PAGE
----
December 12th, 2018
It was a case of deflection and rejection in the Dail yesterday as the Taoiseach chose to pass up an opportunity for reflection on our poor climate record to date.
Leo Varadkar was asked by the Green Party’s Catherine Martin during Leader’s Questions about the “embarrassing, disgraceful and shameful” ranking of Ireland as the worst EU performer on climate action in the 2019 Climate Change Performance Index.
The joint-report released yesterday from Germanwatch, the NewClimate Institute and Climate Action Network singled out Ireland as the worst performing European country on climate for the second year running.
The report places Ireland in 48th place of 56 countries examined, leaving us closer to Donald Trump and the oil baron hub of Saudi Arabia than our European compatriots closer to the top of the rankings.
Leo was in no mood, however, to respond to the report’s findings. Instead, he focused on the fact that the scorecard was developed by an advocacy and campaign NGO.
“We need to make a distinction between report cards, claims and assertions made by campaign organisations as opposed to those made by official bodies such as the CSO, the UN or the EPA,” he said.
“There is a very big difference between official statistics and those that are calculated by an NGO or an advocacy group that has a particular agenda.”
The Green News has looked at some of the recent figures coming out of the bodies that the Taoiseach mentioned and the findings are clear (look away now Leo).
Environmental Protection Agency
Just last week, the EPA released its latest emissions calculations that show Ireland’s emissions dropped by less than one per cent in 2017, leaving us well off track to meet our 2020 climate targets.
The environmental watchdog found that that Ireland’s emissions were 60.75 million tonnes last year – 3 million tonnes over the pathway required to meet our 2020 targets.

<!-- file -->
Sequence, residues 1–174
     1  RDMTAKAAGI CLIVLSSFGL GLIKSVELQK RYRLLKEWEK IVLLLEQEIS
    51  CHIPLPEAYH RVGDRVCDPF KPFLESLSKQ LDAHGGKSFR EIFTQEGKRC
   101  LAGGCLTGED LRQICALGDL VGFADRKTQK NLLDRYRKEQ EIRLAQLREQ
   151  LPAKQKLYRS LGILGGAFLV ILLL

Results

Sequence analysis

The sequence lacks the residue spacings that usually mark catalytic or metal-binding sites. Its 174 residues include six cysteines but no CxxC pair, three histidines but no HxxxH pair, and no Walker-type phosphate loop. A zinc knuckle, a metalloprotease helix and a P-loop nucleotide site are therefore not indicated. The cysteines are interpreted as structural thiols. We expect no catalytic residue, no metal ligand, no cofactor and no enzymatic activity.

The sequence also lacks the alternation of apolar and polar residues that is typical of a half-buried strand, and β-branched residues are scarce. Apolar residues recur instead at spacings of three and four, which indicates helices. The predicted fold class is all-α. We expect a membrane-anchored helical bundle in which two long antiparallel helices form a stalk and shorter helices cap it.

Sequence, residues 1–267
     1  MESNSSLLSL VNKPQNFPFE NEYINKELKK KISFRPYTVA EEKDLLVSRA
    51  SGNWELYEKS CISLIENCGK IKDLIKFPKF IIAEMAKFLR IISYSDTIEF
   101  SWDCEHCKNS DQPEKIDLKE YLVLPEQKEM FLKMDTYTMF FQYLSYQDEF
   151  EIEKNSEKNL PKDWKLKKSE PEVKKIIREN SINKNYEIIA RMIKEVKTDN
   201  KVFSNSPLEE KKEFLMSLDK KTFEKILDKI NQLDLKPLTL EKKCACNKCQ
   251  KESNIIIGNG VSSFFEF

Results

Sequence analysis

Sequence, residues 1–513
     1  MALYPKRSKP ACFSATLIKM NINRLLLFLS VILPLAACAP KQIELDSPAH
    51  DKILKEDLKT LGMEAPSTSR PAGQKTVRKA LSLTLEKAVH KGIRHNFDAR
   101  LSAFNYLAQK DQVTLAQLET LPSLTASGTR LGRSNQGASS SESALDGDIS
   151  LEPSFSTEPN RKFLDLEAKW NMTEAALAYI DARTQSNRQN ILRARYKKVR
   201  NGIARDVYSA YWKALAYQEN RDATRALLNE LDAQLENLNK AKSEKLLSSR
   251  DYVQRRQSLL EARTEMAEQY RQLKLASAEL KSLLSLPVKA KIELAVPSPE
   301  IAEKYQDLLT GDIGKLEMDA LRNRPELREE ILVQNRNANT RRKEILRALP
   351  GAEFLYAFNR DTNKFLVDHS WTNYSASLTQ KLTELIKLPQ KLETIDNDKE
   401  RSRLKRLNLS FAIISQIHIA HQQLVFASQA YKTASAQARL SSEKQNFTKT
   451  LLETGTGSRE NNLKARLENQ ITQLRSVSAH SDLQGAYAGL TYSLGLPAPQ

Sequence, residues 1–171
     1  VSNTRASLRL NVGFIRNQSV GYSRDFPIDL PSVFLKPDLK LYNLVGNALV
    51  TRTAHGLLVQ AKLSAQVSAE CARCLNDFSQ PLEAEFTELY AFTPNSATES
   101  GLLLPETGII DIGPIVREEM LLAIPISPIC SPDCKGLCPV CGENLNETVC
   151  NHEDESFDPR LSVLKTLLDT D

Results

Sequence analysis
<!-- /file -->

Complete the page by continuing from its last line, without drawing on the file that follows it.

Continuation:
The previous year, the environmental watchdog found that our emissions increased by 3.5 per cent in 2016 with significant increases observed in agriculture, transport, and energy.
Emissions from three of the five main air pollutants in Ireland – ammonia, nitrogen oxides, and non-methane volatile organic compounds (NMVOCs) – also increased in 2016, according to the EPA.
The agency warned that limiting such emissions will be difficult due to the Government’s ambitious agricultural targets under Food Wise 2025. Ireland had the fourth largest cattle herd in the EU with 7.4 per cent of total cattle numbers in 2016.
Central Statistics Office (CSO)
The findings in the CSO’s Environmental Indicators Ireland 2018 report don’t fare any better for the Taoiseach, with Ireland found to have the third highest emissions of greenhouse gases per capita. Our emissions were 50 per cent higher than the EU average, the CSO said.
While air quality in Ireland has improved since 1990, the CSO found that we still perform poorly compared to other EU Member States in particular for ammonia and NMVOCs.
The Government has increasingly pushed forestry as a key solution to capture and store carbon in Ireland. The CSO figures show, however, that we have the second lowest level of forest cover in the EU at just under 11 per cent. The EU average is 33.5 per cent.
Experts from the Intergovernmental Panel on Climate Change (IPCC) told the Climate Action Committee last month that Ireland’s export-driven dairy policy is not compatible with the level of ambition needed to limit rising emissions.
The IPCC was created by the United Nations Environment Programme and the World Meteorological Organization in 1988 to assess the science related to climate change.
Speaking at the hearing, Dr Pierre Marie Aubert said that the dairy sector’s move toward “intensification, concentration, and specialization” is not compatible with the target of keeping the average global temperature rise to 1.5 °C above pre-industrial levels.
Dr Aubert warned that it is “unlikely” that increasing the herd is a viable option going forward, even if Irish dairy products are amongst the most carbon efficient in Europe.
The export-oriented Food Harvest plan outlines ambitious targets to raise the total milk production by 50 per cent in volume between 2010 and 2020, and by 20 per cent in value over the same period.
Last month, the UN’s Special Rapporteur on Human Rights and Environment concluded that the State has “clear, positive, and enforceable obligations” to protect against breaches of human rights by climate change.
Professor David Boyd said that the Irish State has “positive human rights obligations” to lessen the impact of climate change by rapidly reducing its greenhouse gas emissions.
“It must reduce emissions as rapidly as possible, applying the maximum available resources. This conclusion follows from the nature of Ireland’s obligations under international human rights law and international environmental law,” he said.